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Pay Your Condo Fees

CS Management Inc. will accept your payments for your Condominium Corporation. You can pay your Condominium Fees in many ways. The preferred method is to pay your monthly Condominium Contributions by your Corporation’s PAD program, or commonly known as Pre-Authorized debit.


Another way to pay your Condominium Contributions is to mail in a cheque or money order to our office.  When submitting a cheque or money order for your Condominium Contributions please ensure that you complete the following:

  • Make sure that the Cheque or Money Order is made payable to your Condominium Corporation Number and NOT CS Management Inc.
  • Please ensure that the amount you are paying is the current amount that you owe to the Condominium Corporation. If you are unsure you can contact our office at 780 760 6197 to inquire about this amount.
  • Verify the date of the cheque or money order to ensure that it is not stale or postdated.
  • In the memo line, please include your Unit number and Building number that the payment is being submitted for.
  • Ensure that a signature accompanies the payment where required.
  • If you are sending in postdated cheques for the calendar year, it is a good idea to also provide a note with these cheques indicating the intent of payment.
  • Also, if you require a return receipt for the payment, please also include instructions that indicate this as well.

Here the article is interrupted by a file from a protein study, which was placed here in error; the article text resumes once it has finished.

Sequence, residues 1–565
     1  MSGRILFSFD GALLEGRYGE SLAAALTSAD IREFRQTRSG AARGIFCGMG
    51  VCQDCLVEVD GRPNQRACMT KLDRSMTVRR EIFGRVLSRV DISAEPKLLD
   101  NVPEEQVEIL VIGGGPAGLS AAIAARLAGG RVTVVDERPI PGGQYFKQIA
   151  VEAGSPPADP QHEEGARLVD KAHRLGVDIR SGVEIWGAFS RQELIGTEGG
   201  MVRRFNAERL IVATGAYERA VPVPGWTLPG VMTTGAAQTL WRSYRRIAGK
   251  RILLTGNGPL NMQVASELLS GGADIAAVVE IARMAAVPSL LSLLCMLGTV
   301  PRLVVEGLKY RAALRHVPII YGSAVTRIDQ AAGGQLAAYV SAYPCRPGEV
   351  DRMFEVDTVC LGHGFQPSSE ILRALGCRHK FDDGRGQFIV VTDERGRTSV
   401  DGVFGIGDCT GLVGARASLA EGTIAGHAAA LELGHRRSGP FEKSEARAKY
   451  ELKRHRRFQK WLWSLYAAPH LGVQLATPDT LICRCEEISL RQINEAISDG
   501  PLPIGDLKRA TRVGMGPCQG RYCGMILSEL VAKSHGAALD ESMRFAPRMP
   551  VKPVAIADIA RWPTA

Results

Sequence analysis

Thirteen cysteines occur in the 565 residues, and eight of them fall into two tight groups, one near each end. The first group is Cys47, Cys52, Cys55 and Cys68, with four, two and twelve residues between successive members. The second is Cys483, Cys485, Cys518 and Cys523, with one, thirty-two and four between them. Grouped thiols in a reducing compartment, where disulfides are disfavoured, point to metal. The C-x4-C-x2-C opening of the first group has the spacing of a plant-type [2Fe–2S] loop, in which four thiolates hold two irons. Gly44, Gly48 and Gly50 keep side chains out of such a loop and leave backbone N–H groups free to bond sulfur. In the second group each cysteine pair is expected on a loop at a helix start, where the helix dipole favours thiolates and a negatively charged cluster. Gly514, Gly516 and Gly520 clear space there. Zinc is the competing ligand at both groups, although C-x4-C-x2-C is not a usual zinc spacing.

Following the above process will help ensure that your payment is being applied to the correct Property, Unit and account.

The third way to pay your Condominium Contributions is to attend our office.  Our friendly reception staff will assist you in ensuring the best way to pay your Condominiums Fees.

 Please find below some common questions regarding Condominium Contributions.


All Condominium Corporations need money to meet its financial obligations such as paying for insurance premiums, snow removal, grass cutting, repairs to Common Property, supplementing the Reserve Fund, etc. The main source of income for the Corporation is the money paid by the Owners in their Condominium Contributions (often referred to as a Condominium Fee).

Contributions are normally set annually and paid monthly, however the Board of Directors can accelerate these payments to delinquent Owners and can also levy Special Assessments (one or more lump sums) if the Corporation needs to raise extra funds to meet its annual obligations or emergency repairs.



There are two ways that a Condominium Corporation may calculate Condominium Contributions for Unit Owners.  The specifics of how Condominium Contributions are to be assessed will be detailed in your Corporation Bylaws.   Please ensure that you know your Bylaws and how your fees are to be calculated.  Below are some details on how Condominium Fees may be assessed to a Unit Owner.

The first and most common method is to assess Condominium Contributions by Unit Factors. Each Condominium in Alberta has a total of 10,000 Unit Factors.  The Unit Factors are like shares in a company and a Unit Owner is assigned their fair share by the Condominium Developer during its inception.  You may find the Unit Factors on the Legal Units individual Land Title document or on the Condominium Plan that is registered against the Condominium Corporation Number.  A Unit Owner may own a Unit, a storage facility or a titled Parking stall.  All these items are assigned a portion of the 10,000 Units Factors.  Below is an example of Condominium Fee assessed by Unit Factors.

Example = Legal Unit 101 (The Condominium Unit or Dwelling) has 130 Unit Factors.   Legal Unit 1 (The Titled Parking Stall) which is also Unit 101’s parking stall has 7 Unit Factors.   The total Unit Factors for Unit 101 and Unit 1 is 137.